Dassault Mirage IIIRS
Dassault Mirage IIIRS
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At the end of 2003 a significant chapter in the history of the Swiss
Air Force will come to an end. The last Dassault Mirage IIIRS will be
retired after 36 years of service.
The career of the Mirage in Switzerland began with what is known in
Switzerland as the “Mirage scandal”. It started with the decision by the
Swiss Air Force leadership to equip the Swiss Mirages with an American
made radar and missiles, instead of the standard French equipment.
Unexpected problems with the integration of the American systems and the
French airframe led to massive cost overruns. The Swiss parliament did not
take kindly to this news, and promptly denied the additional funding
requested by the Swiss Air Force brass. As a result, the planned purchase
of 100 aircraft had to be cut to only 56 (36 Mirage IIIS interceptors, 18
Mirage IIIRS reconnaissance aircraft and 2 Mirage IIIBS two seat
trainers). The scandal also led to the resignation of the chief of staff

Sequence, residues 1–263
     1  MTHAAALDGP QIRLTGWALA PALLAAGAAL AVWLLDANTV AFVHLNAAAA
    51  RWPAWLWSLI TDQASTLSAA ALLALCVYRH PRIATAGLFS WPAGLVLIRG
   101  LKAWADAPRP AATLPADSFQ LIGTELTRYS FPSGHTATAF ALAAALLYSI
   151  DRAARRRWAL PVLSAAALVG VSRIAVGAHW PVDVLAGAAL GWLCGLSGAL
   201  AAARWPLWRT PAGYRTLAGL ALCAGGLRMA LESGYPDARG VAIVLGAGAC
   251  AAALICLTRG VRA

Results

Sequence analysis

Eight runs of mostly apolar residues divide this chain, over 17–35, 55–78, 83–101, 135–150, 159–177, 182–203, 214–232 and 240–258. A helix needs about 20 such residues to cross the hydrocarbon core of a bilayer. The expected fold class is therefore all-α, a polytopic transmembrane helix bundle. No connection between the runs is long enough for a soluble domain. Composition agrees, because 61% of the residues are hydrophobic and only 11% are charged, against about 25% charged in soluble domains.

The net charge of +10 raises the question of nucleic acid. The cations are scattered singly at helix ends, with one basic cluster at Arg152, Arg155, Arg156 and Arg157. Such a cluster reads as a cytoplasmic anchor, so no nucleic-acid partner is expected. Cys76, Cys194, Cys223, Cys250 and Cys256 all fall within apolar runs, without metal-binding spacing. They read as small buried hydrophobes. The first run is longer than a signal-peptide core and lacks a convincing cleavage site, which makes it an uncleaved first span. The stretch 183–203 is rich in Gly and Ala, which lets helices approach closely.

of the Swiss Air Force, and hampered procurement of new aircraft for
decades to come. However, once the Mirages entered service, they proved to
be a good investment. The sleek, delta-winged jets proved to be top-of-the
line fighter aircraft for many years. Technology advances and changes in
military needs caught up with the Mirages in time.
A few years ago the interceptors were replaced by F/A-18 Hornets, and
now the Mirage IIIRS and BS are falling victim to the budget axe.
Since they are now fading into history, I wanted a Mirage IIIRS for my
collection of Swiss Air Force Aircraft in 1/72 scale. There have been
several Mirage kits available over the years, none of which were of
particularly good quality. Probably the best Mirage kits currently
available are from High Planes Australia. I used these limited run kits to
build my Mirage IIIS and BS. But this is a different story for a different
I had three Mirage kits sitting on my shelf, one of which would yield my
RS. I quickly discarded the Dagger kit from PM Turkey which is just awful.
Left were: a Heller kit, and a Revell Germany kit which I had bought in
Switzerland some years ago. Both kits show their age and are not up to
today’s standards, but offer the option the build a reconnaissance Mirage.
I chose the Revell kit because I liked the surface details better.
However, much work lay ahead to get the result I was looking for.
When building an outdated kit, aftermarket detail parts can be very
helpful if not essential. In the case of my Mirage IIIRS I used a Hi-Tech
resin detail set. The largest part in this set is the combined cockpit